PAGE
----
Jurors remained deadlocked on Friday in the second trial of six men accused of plotting to destroy Chicago's Sears Tower and blow up FBI offices.
The jurors sent a note on their 10th day of deliberations Friday that they could not agree on verdicts for the six defendants. U.S. District Judge Joan Lenard ordered the jury to keep trying.
The first jury in the "Liberty City Seven" case reached a stalemate on the six defendants. A seventh man was acquitted after the first trial, which ended in December.
If convicted of terrorism-related conspiracy charges, the men face up to 70 years in prison.
Alleged ringleader Narseal Batiste testified he was not serious about terrorism and was only trying to con $50,000 out of an FBI informant posing as an al-Qaida operative.
At war with U.S. government?
Prosecutors, however, painted a different picture.
War with the U.S. government was at the heart of a terrorist plot to destroy the tower and offices, said Assistant U.S. Attorney Richard Gregorie during closing arguments.
"It's really not a complicated case," Gregorie said. "These are terrorists inside the United States. They are going to try to take over the United States."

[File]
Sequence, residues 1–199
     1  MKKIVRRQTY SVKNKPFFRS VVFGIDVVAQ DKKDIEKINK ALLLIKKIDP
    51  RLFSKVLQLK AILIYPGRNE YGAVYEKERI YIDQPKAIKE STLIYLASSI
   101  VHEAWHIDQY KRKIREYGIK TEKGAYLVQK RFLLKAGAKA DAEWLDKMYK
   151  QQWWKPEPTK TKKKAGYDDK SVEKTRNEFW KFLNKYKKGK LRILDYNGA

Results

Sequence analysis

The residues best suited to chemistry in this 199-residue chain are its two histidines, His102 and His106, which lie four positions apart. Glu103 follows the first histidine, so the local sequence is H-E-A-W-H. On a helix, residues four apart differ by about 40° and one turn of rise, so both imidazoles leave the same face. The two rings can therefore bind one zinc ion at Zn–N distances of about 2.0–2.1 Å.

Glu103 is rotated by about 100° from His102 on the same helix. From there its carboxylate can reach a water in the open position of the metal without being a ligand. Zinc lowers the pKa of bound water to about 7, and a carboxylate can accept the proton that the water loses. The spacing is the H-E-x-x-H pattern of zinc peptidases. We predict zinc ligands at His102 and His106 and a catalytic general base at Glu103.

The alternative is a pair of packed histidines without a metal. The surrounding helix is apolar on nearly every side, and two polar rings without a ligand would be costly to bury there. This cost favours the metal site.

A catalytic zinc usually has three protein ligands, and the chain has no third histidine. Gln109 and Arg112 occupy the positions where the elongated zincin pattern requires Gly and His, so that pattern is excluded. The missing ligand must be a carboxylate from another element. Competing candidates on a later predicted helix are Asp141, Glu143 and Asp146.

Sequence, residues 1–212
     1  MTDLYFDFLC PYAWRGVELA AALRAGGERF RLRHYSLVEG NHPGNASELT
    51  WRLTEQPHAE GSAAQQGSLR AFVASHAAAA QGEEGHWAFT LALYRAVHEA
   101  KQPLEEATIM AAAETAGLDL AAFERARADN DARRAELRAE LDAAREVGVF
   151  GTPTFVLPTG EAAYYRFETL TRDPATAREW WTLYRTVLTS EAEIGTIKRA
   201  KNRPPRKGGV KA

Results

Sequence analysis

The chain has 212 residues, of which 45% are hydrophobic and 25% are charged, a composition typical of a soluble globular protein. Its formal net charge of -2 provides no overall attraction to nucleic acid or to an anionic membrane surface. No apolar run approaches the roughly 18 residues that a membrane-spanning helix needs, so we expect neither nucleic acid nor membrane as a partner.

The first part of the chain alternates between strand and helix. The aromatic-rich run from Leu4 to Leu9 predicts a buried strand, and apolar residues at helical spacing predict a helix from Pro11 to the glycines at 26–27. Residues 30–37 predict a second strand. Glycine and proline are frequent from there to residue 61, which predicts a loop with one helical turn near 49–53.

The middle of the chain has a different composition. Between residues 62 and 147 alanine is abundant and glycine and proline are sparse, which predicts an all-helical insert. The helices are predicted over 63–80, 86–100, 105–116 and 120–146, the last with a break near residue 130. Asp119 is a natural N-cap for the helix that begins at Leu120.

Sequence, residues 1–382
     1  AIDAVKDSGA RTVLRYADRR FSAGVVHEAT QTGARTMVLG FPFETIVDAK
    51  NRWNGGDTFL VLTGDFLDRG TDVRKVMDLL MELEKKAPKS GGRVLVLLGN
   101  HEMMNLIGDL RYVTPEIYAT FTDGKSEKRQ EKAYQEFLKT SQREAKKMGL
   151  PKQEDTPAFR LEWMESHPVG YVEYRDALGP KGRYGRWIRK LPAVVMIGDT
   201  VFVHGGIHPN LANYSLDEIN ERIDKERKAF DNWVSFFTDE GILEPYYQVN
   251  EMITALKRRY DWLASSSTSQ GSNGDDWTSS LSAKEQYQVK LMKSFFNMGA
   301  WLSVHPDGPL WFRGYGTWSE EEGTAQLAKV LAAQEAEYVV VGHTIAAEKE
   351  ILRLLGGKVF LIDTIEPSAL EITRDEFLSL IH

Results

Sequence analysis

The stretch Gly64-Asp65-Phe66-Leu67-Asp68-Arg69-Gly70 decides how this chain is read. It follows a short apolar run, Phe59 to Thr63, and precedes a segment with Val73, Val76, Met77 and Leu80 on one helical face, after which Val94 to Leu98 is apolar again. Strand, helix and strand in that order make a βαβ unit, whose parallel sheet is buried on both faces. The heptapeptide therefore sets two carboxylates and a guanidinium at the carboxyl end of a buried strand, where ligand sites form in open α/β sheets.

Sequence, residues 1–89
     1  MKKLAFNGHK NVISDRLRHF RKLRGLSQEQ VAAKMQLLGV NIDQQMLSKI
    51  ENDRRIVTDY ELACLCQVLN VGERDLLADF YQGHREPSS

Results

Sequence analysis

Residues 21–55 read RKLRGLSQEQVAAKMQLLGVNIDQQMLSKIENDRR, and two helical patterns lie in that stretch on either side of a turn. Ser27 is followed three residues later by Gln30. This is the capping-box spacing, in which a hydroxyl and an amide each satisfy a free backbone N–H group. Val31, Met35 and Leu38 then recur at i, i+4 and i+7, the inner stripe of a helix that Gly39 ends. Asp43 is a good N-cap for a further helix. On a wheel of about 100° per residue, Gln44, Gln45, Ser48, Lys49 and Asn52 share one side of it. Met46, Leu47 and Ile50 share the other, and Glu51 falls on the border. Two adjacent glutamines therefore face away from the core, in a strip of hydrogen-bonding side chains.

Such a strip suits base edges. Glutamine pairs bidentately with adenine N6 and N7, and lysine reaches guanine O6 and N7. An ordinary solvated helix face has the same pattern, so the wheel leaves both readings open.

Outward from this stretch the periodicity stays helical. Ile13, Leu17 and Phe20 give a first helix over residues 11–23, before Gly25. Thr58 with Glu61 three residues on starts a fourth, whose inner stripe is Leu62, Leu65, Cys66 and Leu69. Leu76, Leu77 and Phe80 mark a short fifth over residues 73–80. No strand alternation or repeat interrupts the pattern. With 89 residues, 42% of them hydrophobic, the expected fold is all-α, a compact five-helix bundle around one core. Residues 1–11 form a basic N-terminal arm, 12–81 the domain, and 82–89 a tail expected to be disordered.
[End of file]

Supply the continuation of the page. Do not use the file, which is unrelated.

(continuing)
There was no evidence the men ever acquired any explosives, building blueprints or other items needed to pull off an attack on the 110-story Sears Tower, according to earlier testimony. They did take surveillance pictures and video of the Miami FBI office and other buildings, which prosecutors said was key evidence of intent and support for al-Qaida.
Batiste, 34, ran a struggling construction business and also led an organization in Miami's impoverished Liberty City neighborhood called the Moorish Science Temple. Based at a building dubbed the "Embassy," the group does not recognize the U.S. government's authority and blended elements of Judaism, Christianity and Islam.
Plot for money, or power?
On some of the FBI tapes, Batiste's voice is heard claiming he has divine power and describing the U.S. government as "the devil" that must be eradicated starting with a plot "as great or greater" than the Sept. 11, 2001, terrorist attacks.
"We're going to kill all the devils we can," Batiste said on one FBI intercept.
Gregorie scoffed at Batiste's insistence that it was all a scam to get money for his business and to do charitable work in the community.
"This isn't about love, about helping the community. This is about power," he said.